U.S. Department of Health & Human Services

www.hhs.gov

Poison Help 1-800-222-1222 [logo]

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1-800-222-1222

When accidents happen with chemicals, medicine, or household items, call Poison Help. Get help right away from a local poison expert.

If someone is unconscious or has trouble breathing, call 911.

What Can You Do?

Up and Away

ENSURE SAFETY

More than 60,000 young children end up in emergency rooms every year because they got into medicine while their parent or caregiver was not looking. Children are curious; to keep them safe, parents and caregivers must practice safe medicine storage.

  • Pick a place children cannot reach. Store medicines in a safe location too high for children to reach or see.
  • Put medicines and vitamins away every time. Never leave medicines or vitamins out on a kitchen counter or at a sick child’s bedside, even if you have to give the medicine again in a few hours.
  • Hear the click to make sure the safety cap is locked. Always relock the safety cap on a medicine bottle. If it has a locking cap that turns, twist it until you hear the click.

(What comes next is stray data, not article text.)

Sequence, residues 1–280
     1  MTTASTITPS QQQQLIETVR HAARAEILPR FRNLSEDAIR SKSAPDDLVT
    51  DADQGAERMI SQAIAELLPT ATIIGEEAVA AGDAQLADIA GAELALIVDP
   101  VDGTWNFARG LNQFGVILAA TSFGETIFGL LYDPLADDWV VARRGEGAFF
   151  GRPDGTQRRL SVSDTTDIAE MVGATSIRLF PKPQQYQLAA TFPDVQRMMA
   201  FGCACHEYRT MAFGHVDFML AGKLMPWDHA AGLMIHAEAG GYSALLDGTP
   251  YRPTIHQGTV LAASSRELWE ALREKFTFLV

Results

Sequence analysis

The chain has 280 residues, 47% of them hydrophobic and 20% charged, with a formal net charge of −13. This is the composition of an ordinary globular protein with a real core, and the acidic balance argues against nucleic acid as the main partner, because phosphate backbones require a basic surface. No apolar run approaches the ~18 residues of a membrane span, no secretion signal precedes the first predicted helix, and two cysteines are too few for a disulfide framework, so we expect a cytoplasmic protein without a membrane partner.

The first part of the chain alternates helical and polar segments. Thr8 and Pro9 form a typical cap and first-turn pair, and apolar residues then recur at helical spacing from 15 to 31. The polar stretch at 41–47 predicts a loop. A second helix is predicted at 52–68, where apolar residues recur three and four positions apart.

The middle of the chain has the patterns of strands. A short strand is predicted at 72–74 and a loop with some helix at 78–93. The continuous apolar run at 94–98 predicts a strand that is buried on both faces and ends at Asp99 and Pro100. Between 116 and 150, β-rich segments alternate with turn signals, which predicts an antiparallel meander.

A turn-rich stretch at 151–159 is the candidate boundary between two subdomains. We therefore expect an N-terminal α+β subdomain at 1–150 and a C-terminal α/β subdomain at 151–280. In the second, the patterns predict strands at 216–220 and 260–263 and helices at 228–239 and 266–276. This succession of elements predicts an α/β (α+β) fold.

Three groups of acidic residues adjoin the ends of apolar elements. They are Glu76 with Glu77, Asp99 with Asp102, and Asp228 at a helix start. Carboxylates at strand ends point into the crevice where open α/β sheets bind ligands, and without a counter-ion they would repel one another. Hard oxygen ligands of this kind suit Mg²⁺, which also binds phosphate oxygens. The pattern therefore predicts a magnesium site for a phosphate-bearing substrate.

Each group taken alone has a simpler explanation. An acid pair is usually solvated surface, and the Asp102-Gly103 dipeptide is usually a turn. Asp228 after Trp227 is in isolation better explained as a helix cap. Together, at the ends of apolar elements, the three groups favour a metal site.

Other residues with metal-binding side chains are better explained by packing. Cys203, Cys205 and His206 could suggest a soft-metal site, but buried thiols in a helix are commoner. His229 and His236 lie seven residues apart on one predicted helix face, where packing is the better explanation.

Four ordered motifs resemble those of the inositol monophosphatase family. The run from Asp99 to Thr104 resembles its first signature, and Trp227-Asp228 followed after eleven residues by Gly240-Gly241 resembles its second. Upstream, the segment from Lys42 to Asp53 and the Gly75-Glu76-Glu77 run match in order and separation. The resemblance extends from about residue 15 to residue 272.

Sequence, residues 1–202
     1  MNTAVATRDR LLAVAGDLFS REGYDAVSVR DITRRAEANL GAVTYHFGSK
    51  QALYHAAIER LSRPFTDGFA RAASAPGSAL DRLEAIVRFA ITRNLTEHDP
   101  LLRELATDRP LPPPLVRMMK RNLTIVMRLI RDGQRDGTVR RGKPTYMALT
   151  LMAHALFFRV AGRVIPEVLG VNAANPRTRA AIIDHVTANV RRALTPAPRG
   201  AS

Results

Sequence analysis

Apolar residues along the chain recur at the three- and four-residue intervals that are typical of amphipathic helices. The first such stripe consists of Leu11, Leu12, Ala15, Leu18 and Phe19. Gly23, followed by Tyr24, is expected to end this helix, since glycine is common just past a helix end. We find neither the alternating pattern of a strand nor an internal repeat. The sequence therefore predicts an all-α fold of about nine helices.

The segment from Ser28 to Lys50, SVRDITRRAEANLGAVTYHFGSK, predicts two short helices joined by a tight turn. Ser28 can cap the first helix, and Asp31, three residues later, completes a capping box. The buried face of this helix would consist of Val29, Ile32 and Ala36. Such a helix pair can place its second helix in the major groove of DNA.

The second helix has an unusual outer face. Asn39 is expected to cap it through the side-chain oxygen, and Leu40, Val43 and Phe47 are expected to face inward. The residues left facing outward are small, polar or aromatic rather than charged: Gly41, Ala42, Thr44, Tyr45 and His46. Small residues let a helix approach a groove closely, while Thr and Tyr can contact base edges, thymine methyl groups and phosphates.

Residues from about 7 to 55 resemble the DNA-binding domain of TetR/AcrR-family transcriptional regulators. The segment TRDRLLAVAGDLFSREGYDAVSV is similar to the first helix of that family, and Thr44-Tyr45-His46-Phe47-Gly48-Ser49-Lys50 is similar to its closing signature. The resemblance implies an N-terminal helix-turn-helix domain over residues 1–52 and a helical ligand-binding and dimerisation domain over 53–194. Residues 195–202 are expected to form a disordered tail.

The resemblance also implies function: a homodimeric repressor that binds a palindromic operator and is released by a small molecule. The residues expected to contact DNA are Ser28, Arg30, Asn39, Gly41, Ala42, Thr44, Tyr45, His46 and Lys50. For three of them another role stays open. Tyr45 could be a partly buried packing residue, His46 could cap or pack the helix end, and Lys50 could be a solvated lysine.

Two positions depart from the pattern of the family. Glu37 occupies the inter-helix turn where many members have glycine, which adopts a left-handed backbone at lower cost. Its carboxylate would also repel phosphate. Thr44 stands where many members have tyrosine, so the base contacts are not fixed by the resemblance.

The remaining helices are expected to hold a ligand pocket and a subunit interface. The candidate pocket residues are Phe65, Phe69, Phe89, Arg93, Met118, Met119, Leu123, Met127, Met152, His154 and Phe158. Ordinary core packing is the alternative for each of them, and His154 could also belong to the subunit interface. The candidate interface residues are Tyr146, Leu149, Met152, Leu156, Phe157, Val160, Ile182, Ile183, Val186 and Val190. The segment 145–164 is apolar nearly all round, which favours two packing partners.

TAKE ACTION

Parents and caregivers need to know the steps necessary to make sure medicines are safely stored, and most importantly, what to do in case of an emergency.

  • Be prepared in case of an emergency. Program the poison control center number 1-800-222-1222 into home and cell phones so you have it when you need it.

BUILD KNOWLEDGE

In recent years, the number of accidental overdoses in children increased by 20 percent. To help keep children safe through proper medicine storage, Up and Away and Out of Sight educates parents and caregivers by providing them with information to store medicine safely and protect the health of their children. In addition to practicing safe medicine storage on a daily basis, it is also important to:

  • Teach children about medicine safety. Tell children what medicine is and why you must be the one to give it to them. Never tell children medicine is candy so they’ll take it, even if your child does not like to take his or her medicine.
  • Tell guests about medicine safety. Remind babysitters, houseguests, and other visitors to keep purses, bags, or coats that have medicines in them up and away and out of sight when they are at your home.

To learn more visit www.Upandaway.org .